The New York Times has finally decided, only a decade or so too late, that it will now use the word "torture" to describe the torture techniques used during the Bush years by the United States government on prisoners believed to be connected to terrorism. While we should certainly be glad that they've finally come around, the statement by Executive Editor Dean Baquet explaining their decision shows just how wrongheaded the editors' thinking this issue has been all along. You should read the whole thing (it's pretty brief), but here are some particularly troubling parts:
When the first revelations emerged a decade ago, the situation was murky. The details about what the Central Intelligence Agency did in its interrogation rooms were vague. The word "torture" had a specialized legal meaning as well as a plain-English one. While the methods set off a national debate, the Justice Department insisted that the techniques did not rise to the legal definition of "torture." The Times described what we knew of the program but avoided a label that was still in dispute, instead using terms like harsh or brutal interrogation methods.
But as we have covered the recent fight over the Senate report on the C.I.A.'s interrogation program — which is expected to be the most definitive accounting of the program to date — reporters and editors have revisited the issue. Over time, the landscape has shifted. Far more is now understood, such as that the C.I.A. inflicted the suffocation technique called waterboarding 183 times on a single detainee and that other techniques, such as locking a prisoner in a claustrophobic box, prolonged sleep deprivation and shackling people's bodies into painful positions, were routinely employed in an effort to break their wills to resist interrogation.
Meanwhile, the Justice Department, under both the Bush and Obama administrations, has made clear that it will not prosecute in connection with the interrogation program. The result is that today, the debate is focused less on whether the methods violated a statute or treaty provision and more on whether they worked – that is, whether they generated useful information that the government could not otherwise have obtained from prisoners. In that context, the disputed legal meaning of the word "torture" is secondary to the common meaning: the intentional infliction of pain to make someone talk.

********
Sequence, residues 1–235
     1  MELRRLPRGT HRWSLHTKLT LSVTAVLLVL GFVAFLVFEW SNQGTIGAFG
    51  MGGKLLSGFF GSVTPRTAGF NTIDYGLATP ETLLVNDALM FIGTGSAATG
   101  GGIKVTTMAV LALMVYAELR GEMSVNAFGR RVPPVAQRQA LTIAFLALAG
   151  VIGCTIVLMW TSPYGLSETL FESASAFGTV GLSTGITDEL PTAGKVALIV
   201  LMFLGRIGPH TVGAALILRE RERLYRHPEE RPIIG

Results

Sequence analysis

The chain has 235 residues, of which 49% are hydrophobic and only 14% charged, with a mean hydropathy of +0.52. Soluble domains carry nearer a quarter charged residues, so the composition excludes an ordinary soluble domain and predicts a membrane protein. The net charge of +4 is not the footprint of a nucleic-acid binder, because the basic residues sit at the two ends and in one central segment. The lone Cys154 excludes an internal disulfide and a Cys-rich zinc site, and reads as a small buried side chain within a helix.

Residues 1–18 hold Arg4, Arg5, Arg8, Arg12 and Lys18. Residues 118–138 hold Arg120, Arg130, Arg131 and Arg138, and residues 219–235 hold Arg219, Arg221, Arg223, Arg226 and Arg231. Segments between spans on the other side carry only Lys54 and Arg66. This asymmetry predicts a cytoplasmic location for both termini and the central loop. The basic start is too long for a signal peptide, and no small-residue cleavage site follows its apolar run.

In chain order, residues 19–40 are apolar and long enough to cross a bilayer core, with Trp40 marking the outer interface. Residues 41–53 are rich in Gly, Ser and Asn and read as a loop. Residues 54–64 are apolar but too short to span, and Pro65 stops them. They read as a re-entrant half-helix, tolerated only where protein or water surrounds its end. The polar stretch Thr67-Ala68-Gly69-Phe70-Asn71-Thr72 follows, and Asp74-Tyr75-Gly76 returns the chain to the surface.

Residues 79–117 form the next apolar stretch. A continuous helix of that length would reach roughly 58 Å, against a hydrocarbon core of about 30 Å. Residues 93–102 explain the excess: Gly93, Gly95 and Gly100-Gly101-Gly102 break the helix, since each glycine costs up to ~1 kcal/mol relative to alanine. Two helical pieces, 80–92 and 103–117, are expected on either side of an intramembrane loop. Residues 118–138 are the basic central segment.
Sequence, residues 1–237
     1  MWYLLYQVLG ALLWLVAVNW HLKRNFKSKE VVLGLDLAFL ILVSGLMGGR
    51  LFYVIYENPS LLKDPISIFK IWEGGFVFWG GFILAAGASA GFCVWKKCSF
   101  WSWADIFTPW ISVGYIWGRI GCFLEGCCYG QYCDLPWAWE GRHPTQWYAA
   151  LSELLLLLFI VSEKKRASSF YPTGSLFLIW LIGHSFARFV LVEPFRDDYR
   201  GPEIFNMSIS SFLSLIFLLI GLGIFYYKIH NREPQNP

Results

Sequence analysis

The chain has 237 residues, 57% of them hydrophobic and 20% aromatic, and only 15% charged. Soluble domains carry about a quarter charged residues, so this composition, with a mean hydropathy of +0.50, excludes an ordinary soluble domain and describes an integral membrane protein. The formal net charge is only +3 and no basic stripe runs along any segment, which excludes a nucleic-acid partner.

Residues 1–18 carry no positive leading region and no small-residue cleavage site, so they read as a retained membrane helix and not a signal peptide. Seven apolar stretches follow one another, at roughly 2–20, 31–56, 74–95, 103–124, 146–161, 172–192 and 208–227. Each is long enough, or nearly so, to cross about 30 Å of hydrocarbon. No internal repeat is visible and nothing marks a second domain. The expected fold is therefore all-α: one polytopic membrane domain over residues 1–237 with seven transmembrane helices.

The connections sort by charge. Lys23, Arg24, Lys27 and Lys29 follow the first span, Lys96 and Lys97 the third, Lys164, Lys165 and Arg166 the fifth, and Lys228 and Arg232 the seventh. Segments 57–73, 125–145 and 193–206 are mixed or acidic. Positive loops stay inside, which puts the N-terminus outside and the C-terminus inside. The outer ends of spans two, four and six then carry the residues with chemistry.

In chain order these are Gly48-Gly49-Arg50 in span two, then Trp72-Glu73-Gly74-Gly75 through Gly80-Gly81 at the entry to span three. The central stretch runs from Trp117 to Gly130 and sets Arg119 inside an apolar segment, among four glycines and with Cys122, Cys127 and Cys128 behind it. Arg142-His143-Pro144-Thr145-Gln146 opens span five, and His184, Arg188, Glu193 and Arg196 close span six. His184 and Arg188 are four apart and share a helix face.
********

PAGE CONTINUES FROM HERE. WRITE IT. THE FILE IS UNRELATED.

First, the part about learning the extent of the torture is absolutely irrelevant to what you call it. The implication is that if a prisoner had been waterboarded 10 times, then you might not call it torture, but since it was 183 times, you would. That's plainly absurd.
But more importantly, when Baquet says the Times "avoided a label that was still in dispute," what he's saying is that the paper essentially outsourced its judgment on what is and isn't torture to the Bush administration. All that was required to put the matter "in dispute" was for the administration to declare, beyond all reason and common sense, that things like waterboarding, sleep deprivation, and stress positions aren't torture, and the Times threw up its hands and said: "Well, we can't call that torture anymore, because now that's in dispute." So, presumably, if tomorrow the Obama administration decided to refer to Republicans as "the Hater party," the Times would no longer use the term "Republican" in its pages, because now that's "in dispute."
And on the merits, the torture advocates (a group that includes both Bush administration officials and the administration's outside allies) had such a weak case for why its techniques weren't actually torture that it couldn't be called a "case" at all. When asked why, say, waterboarding isn't torture, they would simply repeat that it isn't torture. Why? Because it isn't torture. The question I never saw any of them asked, and which would have been illuminating, is a simple one: "What is torture, then?" None of them were ever required to supply their definition of torture, a definition that would exclude things like waterboarding, stress positions, or sleep deprivation.
Any such definition would be laughable on its face. Can you think of a definition of torture that wouldn't apply to stress positions, where you force the subject to endure a condition that progresses from uncomfortable to painful to excruciating? Of course you can't. The torture advocates couldn't either. That should have settled the matter years ago.